The fiscally stressed Centre’s recent decision to annul subsidy on bulk diesel has shaken up the perennially loss-making public sector road transport corporations (RTCs) in the country. State governments, the patrons of these entities, which together own 1.5 lakh buses and play a vital economic function by contributing to the mobility of people and goods, have firmed up disparate strategies to salvage the situation. FE has ascertained whether and how the RTCs have taken the sudden 20% hike in diesel cost in their stride (fuel costs account for close to a third of the operational expenses of RTCs, which hardly recover their costs yet dole out a plethora of concessions to commuters at the bidding of populist state governments).
It is clear that the Centre’s decision to allow state-run oil marketing companies to sell diesel to bulk consumers at market prices (that cover the OMCs’ costs and mark-ups) has caught most RTC managements off-guard.
Following the decision, RTCs have approached the state governments for succour and the pleas have been heeded: In some cases, maybe, for the good as the response could be in the form of waking up these entities to market realities, but in most cases, with the likely consequence of an exacerbation of their finances and operational standards.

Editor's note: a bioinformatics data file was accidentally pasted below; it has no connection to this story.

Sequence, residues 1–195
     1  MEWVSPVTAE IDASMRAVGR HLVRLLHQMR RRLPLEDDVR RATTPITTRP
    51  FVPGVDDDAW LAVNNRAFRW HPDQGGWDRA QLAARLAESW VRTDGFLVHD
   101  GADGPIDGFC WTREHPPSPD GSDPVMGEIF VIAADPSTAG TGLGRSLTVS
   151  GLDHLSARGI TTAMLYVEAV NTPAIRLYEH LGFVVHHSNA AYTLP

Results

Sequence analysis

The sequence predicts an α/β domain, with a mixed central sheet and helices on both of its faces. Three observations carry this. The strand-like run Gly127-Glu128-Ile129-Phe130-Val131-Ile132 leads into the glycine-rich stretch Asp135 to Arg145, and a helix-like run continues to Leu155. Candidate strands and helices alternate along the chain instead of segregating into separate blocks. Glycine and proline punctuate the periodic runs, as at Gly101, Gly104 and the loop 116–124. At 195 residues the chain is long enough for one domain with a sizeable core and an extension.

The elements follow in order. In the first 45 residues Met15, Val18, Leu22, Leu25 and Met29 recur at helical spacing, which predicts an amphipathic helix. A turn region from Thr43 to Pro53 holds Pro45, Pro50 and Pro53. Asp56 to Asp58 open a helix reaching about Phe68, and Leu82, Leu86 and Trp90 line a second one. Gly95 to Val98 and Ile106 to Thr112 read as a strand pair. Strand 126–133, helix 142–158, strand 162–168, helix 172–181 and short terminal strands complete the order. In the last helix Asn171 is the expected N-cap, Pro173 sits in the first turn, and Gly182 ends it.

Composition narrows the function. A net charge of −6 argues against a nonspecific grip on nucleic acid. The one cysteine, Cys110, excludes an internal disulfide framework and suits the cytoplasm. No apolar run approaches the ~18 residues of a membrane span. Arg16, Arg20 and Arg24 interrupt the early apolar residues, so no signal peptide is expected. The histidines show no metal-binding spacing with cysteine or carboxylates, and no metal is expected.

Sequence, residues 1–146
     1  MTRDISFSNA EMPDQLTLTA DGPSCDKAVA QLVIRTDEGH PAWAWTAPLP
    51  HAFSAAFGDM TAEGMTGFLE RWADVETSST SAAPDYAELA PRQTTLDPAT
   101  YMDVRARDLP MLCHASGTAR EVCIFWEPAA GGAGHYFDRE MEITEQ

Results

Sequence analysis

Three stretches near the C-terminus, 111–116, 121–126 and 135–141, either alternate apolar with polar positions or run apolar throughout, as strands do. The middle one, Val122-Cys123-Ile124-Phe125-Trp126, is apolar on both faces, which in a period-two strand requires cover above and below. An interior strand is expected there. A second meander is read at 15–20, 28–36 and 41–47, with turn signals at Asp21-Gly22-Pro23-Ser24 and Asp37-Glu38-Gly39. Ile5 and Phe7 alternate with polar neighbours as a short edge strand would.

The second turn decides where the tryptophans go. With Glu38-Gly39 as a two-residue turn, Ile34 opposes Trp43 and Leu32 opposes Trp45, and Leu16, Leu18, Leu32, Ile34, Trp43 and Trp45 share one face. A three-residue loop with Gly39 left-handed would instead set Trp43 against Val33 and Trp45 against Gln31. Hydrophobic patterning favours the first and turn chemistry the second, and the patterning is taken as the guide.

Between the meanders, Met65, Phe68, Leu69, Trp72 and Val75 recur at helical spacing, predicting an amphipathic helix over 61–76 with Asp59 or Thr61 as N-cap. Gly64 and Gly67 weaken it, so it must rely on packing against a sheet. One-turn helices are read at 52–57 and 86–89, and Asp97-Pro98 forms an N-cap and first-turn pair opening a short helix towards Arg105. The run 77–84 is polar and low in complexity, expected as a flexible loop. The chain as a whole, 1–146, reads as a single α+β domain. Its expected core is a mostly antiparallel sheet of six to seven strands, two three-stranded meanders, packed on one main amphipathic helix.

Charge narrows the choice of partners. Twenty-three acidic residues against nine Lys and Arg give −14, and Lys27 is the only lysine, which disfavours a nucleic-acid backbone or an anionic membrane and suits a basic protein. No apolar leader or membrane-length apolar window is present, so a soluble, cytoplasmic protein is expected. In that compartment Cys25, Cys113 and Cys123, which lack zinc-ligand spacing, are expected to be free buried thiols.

For Congress-run state governments, the immediate reaction is to give their RTCs the assurance that they would try to get the Centre’s decision revoked or obtain a special waiver.
The Opposition-ruled ones — notably the Gujarat and Tamil Nadu governments — have sought to defy the Centre’s policy and allowed RTC buses to make a beeline to public and private-sector oil companies’ retail outlets, where the prices are 20% less. This has resulted in a surge in retail sales of diesel in many regions.
Tamil Nadu, which has eight state transport corporations operating 21,207 buses, has been more vocal in decrying the Centre’s policy and has now threatened to challenge it in court. In his customary address in Tamil Nadu assembly on Friday, governor K Rosaiah said: “The Centre’s diesel policy has resulted in a sharp 23.75% increase in the fuel costs again, of Rs.744 crore per annum, adding up to a total annual increase of Rs 1,127 crore within four months, forcing the STUs (state transport undertakings) to the precipice of financial disaster. This government has decided to challenge this dual pricing policy of the central